Footballers' official websites: 11 of the good, bad and (very) ugly
1. Kevin-Prince Boateng
The Ghanaian's avatar depicts him casually draping himself over poolside sunbeds and doing keepy-uppies in the kitchen
If you expect to be dragged into the life of a super-rich footballer, Boateng’s site caters for you nicely. It’s a virtual tour of the Las Palmas man's cliff-side mega mansion, the Ghana international's avatar depicting him casually draped over poolside sunbeds and doing keepy-uppies in the kitchen.
Although bizarre, it’s a spectacular display of online design. You’re treated throughout to a hip-hop soundtrack – rapped by the man himself, no less – and a number of amusing virtual murals line most of the walls. Each room has different information about Boateng, including inspirational quotes and his advice on how to be the best; the main attraction, though, is the chance to watch his avatar take off like Superman into the sky.
2. Joey Barton
His regular blog posts cut through the dull fog of PR-speak and offer up some brutally honest opinions on issues in football
Barton has always been somewhat of an enigma: a divisive character prone to both violent outbursts and outbursts of enlightened opinions. Somewhat predictably, his website serves as a platform for the latter and casually ignores the former.
Admirably, his blog posts cut through the dull fog of PR-speak and offer up some valid questions and brutally honest opinions about issues in football. It’s part interesting, part pretentious massaging of his ego, but it's always entertaining when the Burnley midfielder rants about some perceived injustice and aims barely veiled criticisms at colleagues. The biggest downside is the fact it hasn't been updated in a while. Perhaps he's got something more to elaborate on after his weekend antics against Lincoln.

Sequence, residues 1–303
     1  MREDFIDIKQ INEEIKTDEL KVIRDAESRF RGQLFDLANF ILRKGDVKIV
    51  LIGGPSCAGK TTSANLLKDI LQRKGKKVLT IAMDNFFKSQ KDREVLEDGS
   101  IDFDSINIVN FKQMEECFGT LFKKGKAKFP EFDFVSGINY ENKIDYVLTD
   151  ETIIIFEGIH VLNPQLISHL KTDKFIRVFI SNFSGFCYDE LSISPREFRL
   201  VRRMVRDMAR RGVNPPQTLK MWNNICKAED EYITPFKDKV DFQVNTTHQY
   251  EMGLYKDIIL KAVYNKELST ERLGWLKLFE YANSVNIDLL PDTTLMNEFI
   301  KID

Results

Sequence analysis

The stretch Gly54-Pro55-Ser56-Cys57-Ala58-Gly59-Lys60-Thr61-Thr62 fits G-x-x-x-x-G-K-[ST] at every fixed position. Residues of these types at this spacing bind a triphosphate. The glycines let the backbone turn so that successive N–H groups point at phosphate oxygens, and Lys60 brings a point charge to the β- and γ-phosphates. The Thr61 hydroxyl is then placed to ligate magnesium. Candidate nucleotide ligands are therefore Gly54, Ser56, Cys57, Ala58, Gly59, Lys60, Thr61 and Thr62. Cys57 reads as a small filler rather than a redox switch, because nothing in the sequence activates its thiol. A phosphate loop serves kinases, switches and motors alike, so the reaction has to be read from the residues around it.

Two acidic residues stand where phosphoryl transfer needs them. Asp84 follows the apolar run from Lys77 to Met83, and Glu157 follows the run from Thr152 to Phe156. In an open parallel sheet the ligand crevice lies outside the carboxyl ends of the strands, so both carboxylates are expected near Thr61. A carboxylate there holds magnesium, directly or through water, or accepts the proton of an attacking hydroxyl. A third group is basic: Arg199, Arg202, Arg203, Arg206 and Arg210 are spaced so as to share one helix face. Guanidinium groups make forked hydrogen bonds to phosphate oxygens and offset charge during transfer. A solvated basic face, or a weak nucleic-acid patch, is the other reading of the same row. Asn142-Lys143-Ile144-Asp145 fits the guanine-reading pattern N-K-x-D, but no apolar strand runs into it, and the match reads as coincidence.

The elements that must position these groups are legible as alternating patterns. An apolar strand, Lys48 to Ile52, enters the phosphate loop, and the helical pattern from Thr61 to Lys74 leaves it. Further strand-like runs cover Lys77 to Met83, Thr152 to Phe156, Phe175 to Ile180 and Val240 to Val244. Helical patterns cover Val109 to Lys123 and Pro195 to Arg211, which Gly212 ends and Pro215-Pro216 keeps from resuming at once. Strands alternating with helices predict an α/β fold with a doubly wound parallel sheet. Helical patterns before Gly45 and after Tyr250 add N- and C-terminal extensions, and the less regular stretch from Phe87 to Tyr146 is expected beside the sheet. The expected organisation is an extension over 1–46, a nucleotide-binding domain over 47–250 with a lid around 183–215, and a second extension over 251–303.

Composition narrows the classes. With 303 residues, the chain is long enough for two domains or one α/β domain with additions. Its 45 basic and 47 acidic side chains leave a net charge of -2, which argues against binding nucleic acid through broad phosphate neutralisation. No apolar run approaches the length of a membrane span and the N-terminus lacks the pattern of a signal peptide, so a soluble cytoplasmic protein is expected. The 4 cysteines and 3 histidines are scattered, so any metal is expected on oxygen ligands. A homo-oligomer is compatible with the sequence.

3. Victor Wanyama
It's still covered in Southampton crests, out-of-date information and a long-winded thank you to the site's creators
The Tottenham man is an avid Tweeter who occasionally serves up gems such as: “I had spaghetti and it was very nice I enjoyed it”. You'd think, then, that Wanyama's official website features similar up-to-date insight into his life? Wrong.
Excitingly titled "MIGHTY KENYAN", it's quickly evident that the midfield enforcer hasn't put as much effort into his website. Still covered in Southampton crests, out-of-date information and a long-winded thank you to the site's creators, the domain has style but is lacking in substance. The opposite to Wanyama on the pitch, you might say.